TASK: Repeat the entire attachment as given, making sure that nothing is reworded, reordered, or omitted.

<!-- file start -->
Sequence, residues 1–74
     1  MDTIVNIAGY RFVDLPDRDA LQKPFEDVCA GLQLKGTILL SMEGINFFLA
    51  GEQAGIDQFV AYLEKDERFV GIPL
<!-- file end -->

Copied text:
Sequence, residues 1–74
     1  MDTIVNIAGY RFVDLPDRDA LQKPFEDVCA GLQLKGTILL SMEGINFFLA
    51  GEQAGIDQFV AYLEKDERFV GIPL